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Pre-Combine NFL Draft Rankings: Quarterbacks

Going into the NFL Combine, we rank the best quarterbacks in the 2022 Draft.

University of Alabama vs University of Cincinnati, 2021 CFP National Semifinal Set Number: X163895 TK1

The NFL Scouting Combine is underway at Lucas Oil Stadium in Indianapolis. In the 2022 NFL Draft, the Kansas City Chiefs won’t be looking to invest in a quarterback — but let’s take a look at the top signal-callers who could be selected by upcoming rivals.


1. Kenny Pickett | Pittsburgh | 6 feet 3 | 220 pounds

North Carolina v Pittsburgh Photo by Justin Berl/Getty Images

A four-year starter, Pickett broke nearly every one of Pittsburgh’s passing records.

He shows outstanding instincts, along with an ability to throw receivers open (with good accuracy) at all levels of the field. He has better than average arm talent, which he showcases while moving in space and delivering catchable balls off-platform.

For Pickett, hand size will be the talk of the Combine — but on the field, there are some issues. From time to time, he will lower his eyes — either scrambling because he’s late on a read or checking down when no downfield options are available. He has a tendency to trust his arm too much, forcing throws into tight coverage.

In unscripted plays, Pickett is going to produce some highlight-level plays — but he will need to show consistency within the offense to become an above-average NFL quarterback.

2. Malik Willis | Liberty | 6 feet 1 | 220 pounds

LendingTree Bowl - Liberty v Eastern Michigan Photo by Jonathan Bachman/Getty Images

At the Combine, Willis is going to display athleticism and arm strength that will make him clearly stand above the rest of the class. He has dynamic physical gifts — which he can use to make highlight-reel plays — and when he enters the league, will be behind only Lamar Jackson and Kyler Murray as a running threat out of the backfield.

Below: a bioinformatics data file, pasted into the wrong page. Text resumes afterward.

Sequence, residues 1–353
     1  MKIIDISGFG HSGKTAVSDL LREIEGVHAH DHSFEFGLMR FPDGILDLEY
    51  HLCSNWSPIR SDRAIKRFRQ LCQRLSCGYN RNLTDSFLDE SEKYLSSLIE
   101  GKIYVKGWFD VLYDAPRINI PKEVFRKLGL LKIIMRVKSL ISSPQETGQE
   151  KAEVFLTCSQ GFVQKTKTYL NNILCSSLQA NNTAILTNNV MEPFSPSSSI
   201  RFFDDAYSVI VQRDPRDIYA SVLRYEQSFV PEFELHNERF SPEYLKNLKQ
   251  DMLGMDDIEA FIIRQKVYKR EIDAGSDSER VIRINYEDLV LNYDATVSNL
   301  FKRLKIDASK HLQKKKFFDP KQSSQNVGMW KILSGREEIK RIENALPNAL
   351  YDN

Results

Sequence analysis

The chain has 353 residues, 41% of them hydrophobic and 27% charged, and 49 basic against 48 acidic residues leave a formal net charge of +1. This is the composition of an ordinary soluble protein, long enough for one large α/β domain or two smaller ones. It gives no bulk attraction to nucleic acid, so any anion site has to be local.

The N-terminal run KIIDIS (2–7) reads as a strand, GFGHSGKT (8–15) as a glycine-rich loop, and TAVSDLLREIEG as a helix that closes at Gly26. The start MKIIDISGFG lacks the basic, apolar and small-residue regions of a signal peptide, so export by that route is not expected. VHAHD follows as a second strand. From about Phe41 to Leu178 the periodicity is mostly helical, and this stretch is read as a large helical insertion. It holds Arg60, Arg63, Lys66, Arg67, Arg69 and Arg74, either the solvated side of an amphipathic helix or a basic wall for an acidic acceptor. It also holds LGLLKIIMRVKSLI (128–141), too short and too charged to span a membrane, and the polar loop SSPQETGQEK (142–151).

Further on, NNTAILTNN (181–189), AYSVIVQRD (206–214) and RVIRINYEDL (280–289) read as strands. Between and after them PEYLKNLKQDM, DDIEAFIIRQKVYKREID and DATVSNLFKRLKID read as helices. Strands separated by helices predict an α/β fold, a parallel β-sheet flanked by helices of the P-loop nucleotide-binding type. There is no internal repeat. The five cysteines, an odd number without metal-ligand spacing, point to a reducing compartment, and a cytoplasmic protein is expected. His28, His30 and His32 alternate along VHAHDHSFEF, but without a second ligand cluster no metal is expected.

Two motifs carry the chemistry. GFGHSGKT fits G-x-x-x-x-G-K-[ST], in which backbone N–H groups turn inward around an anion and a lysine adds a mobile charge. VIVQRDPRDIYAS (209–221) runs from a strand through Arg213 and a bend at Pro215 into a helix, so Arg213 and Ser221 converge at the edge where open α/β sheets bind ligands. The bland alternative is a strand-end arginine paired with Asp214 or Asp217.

But Willis will need to improve both his timing and anticipation while trying to solve NFL defenses. Too often, he needs to see the player open before pulling the trigger. When trying to recognize pressures, he can become disoriented in the pocket; at Liberty, he ended up taking too many sacks.

Willis has all the tools to be a high-level NFL quarterback — but to reach that level, he will need to develop with the right coach.

3. Desmond Ridder | Cincinnati | 6 feet 4 | 210 pounds

COLLEGE FOOTBALL: FEB 02 Reese’s Senior Bowl Practice Photo by Michael Wade/Icon Sportswire via Getty Images

As a four-year starter, Ridder twice led the Bearcats to the College Football Playoffs after back-to-back undefeated seasons.

A tall, lean passer, Ridder moves well when scrambling — and is comfortable making throws on the move. He does a nice job running the offense and progressing through reads at all levels of the field. There are multiple highlights showing him keeping his eyes downfield and working through multiple reads to get the ball into his playmakers’ hands.

His biggest flaws are a slow trigger and inconsistent accuracy.

Early in his NFL career, he will compete for starting reps — but will take his lumps when trying to do too much.

4. Matt Corral | Ole Miss | 6 feet 1 | 205 pounds

COLLEGE FOOTBALL: JAN 01 Allstate Sugar Bowl - Baylor v Ole Miss Photo by Chris McDill/Icon Sportswire via Getty Images

A three-year starter, Corral leaves Ole Miss following a season in which he earned second-team All-SEC honors.

Playing in a quarterback-friendly offense that relied on his quick-twitch athleticism to make one-read decisions in an RPO-heavy scheme, Corral showed flashes of being able to drive the ball on intermediate throws, giving his playmakers the chance to run after the catch.

His classroom learning curve — and how he handles NFL defenses — will ultimately determine how far he can go in the NFL.

5. Sam Howell | North Carolina | 6 feet | 220 pounds

Duke’s Mayo Bowl - North Carolina v South Carolina Photo by Jared C. Tilton/Getty Images

Howell has been the Tar Heels’ starting quarterback ever since he set foot on campus, missing only a single game over his three-year career.

Despite playing in a spread offense, he has displayed anticipation on his throws, along with the ability to work full-field progressions.

Compared to the rest of this quarterback class, Howell has physical limitations. Smaller in stature and build — and with average arm strength — Howell relies on his accuracy to all three levels, allowing his playmakers to do most of the work.

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